Book Review: Kitchen Confidential

Kitchen Confidential: Adventures in the Culinary Underbelly by Anthony Bourdain (New York: Harper Perennial, 2007. Updated Edition 312 pp) Anthony Bourdain, born in 1956, attended Vassar College and graduated from the Culinary Institute of America. He has worked as a cook and chef in many institutions strewn across the New York City map. Bourdain contributes articles to the Times, New York Times, Observer, the Face, Scotland on Sunday, and Food Arts Magazine. An addition to Kitchen Confidential, he has written two crime novels – Gone Bamboo and Bone in the Throat. Bourdain was the executive chef at Brassiere Les Halles and is currently the host of the Travel Channel program: Anthony Bourdain: No Reservations. Bourdain resides in New York City…. Read More →

Television Show Review: The Walking Dead

The Walking Dead produced by Frank Darabont, Gale Anne Hurd, David Alpert, Robert Kirkman, and Charles H. Eglee (Circle of Confusion and Valhalla Motion Pictures, airs Sunday nights on AMC) Starring Andrew Lincoln, Jon Bernthal, Sarah Wayne Callies, Laurie Holden, Jeffrey DeMunn, Steven Yeun, and Chandler Riggs. In an effort to proclaim full disclosure, I must admit that I am not much of a zombie fan. This sub-genre of horror has always seemed low budget, poorly written, and weakly acted. Zombie films typically depict the survival instinct at a basic level. Although this theme is entertaining on a “what if” level, the zombie theme is incapable of constructing the dramatic subtleties that differentiate fantastic movies from standard run-of-the-mill productions. Where… Read More →

Thoughts on Women and Literature

A couple weeks ago, I happened upon this article at the Huffington Post. In summary, the author of the article interviewed two popular novelists – Jodi Picoult and Jennifer Weiner­ – about literary fiction and the critically praised novel, Freedom, by Jonathan Franzen. Both Picoult and Weiner criticize publishers and reviewers alike for exalting a novel about a broken family while avoiding similarly-themed novels by female authors. Simply put, when men write about family, their books are considered literary fiction; when women write about family, their books are labeled romance. Looking at my library, it is extremely male dominant. My library coupled with Picoult and Weiner’s revelation makes me particularly troubled. I want to read well-written books no matter the… Read More →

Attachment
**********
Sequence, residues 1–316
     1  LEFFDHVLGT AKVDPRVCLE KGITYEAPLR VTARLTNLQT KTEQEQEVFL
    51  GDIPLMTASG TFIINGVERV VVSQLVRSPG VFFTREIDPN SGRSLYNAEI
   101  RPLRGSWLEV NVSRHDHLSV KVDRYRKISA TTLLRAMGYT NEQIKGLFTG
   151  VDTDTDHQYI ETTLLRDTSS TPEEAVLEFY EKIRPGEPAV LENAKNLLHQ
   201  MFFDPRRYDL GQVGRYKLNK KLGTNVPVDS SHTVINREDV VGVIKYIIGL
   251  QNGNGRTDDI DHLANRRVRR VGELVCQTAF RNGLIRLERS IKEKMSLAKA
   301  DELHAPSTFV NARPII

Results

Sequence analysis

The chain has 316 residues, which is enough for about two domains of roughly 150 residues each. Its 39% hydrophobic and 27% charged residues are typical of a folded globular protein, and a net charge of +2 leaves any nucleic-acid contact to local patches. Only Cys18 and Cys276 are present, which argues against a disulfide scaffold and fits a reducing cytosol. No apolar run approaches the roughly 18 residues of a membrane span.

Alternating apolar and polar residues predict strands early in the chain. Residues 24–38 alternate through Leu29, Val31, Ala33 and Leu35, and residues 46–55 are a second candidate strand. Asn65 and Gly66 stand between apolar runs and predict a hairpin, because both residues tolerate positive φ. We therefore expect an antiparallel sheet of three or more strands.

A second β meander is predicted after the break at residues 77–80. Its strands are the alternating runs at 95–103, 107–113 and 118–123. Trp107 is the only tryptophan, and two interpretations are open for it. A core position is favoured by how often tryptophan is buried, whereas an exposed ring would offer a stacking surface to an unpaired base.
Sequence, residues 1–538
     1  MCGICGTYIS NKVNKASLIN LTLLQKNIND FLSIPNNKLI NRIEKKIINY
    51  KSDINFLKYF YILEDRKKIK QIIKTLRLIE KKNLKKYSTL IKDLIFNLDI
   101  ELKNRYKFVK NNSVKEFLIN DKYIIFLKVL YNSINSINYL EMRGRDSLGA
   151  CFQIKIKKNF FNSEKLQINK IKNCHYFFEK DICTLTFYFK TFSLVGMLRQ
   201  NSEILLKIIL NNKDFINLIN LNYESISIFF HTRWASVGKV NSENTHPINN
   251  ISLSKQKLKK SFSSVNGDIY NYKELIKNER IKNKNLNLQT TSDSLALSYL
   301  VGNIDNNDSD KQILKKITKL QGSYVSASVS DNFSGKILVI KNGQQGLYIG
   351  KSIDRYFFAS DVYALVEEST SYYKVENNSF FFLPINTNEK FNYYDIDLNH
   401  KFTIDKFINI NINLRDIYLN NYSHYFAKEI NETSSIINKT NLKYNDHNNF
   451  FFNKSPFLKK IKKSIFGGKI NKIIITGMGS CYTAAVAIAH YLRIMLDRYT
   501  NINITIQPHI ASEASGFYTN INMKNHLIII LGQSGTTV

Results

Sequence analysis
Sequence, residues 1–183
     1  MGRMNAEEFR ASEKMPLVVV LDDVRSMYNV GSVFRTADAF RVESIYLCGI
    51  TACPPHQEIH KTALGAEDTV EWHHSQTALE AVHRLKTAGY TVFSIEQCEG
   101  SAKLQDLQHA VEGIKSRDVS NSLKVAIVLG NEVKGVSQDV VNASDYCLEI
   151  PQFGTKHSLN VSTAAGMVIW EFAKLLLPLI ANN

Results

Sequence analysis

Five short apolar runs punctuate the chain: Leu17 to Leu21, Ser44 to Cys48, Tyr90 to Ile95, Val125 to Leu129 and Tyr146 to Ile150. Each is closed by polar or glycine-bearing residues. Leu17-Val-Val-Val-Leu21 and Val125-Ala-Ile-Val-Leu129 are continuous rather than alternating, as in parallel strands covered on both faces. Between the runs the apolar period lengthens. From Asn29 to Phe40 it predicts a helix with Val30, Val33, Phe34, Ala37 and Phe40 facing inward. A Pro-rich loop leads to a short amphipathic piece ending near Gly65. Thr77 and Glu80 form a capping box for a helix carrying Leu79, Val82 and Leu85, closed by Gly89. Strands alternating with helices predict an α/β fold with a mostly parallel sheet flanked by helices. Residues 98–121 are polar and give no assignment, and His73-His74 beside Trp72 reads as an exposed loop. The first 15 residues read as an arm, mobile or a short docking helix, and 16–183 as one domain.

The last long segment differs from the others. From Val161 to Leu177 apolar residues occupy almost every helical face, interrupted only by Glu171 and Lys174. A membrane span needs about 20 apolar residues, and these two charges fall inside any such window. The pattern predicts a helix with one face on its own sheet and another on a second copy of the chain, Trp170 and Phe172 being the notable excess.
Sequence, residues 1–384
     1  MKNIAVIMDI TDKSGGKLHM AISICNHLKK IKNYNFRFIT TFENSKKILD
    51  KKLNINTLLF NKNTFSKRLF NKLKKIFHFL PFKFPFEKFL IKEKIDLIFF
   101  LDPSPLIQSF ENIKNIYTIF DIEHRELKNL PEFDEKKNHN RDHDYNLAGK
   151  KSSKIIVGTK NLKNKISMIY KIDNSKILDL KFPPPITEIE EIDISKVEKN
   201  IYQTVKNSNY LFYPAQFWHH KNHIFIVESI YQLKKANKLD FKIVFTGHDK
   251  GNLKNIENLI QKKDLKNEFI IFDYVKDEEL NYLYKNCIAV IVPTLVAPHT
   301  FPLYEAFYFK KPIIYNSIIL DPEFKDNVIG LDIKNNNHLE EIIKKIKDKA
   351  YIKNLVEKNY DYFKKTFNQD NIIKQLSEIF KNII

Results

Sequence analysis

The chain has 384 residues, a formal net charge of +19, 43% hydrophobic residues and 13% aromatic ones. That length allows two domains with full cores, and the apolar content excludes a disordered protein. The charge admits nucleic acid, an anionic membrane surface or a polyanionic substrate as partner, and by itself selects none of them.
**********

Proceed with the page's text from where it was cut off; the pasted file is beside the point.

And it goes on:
Book Review: Salvation City

Salvation City: A Novel by Sigrid Nunez (New York: Riverhead Books, 2010. 288 pp) Living in New York City, Sigrid Nunez has published six novels in her career. She is the winner of the Richard and Hinda Rosenthal Foundation Award from the American Academy of Arts and Letters, a Whiting Writer’s Award, a fellowship from the New York Foundation for the Arts, and a residency from the Lannan Foundation. She has also received the Rome Prize Fellow in Literature in the American Academy in Rome, a Literature Fellow to the American Academy of Arts and Sciences, and the Berlin Prize Fellow at the American Academy in Berlin. Previously, Nunez taught at Amherst College, Smith College, Columbia University, as well as… Read More →

Film Review: The Town

The Town directed by Ben Affleck (Warner Bros. and Legendary Pictures, R, 125 minutes) Starring Ben Affleck, Rebecca Hall, John Hamm, and Jeremy Renner. Based in Charlestown, a neighborhood of Boston, the Town tells the story of a washed-up hockey player turned bank robber caught in the vicious cycle of crime. After a successful robbery, the main character – Doug MacRay (Ben Affleck) – volunteers to intimidate a hostage (Claire played by Rebecca Hall) after discovering that she lives four blocks away from the thieves’ home base. While being observed in a Laundromat, the hostage approaches Doug asking for some change. After some basic dialogue, Doug asks Claire out on a date, setting in motion a story of love, crime,… Read More →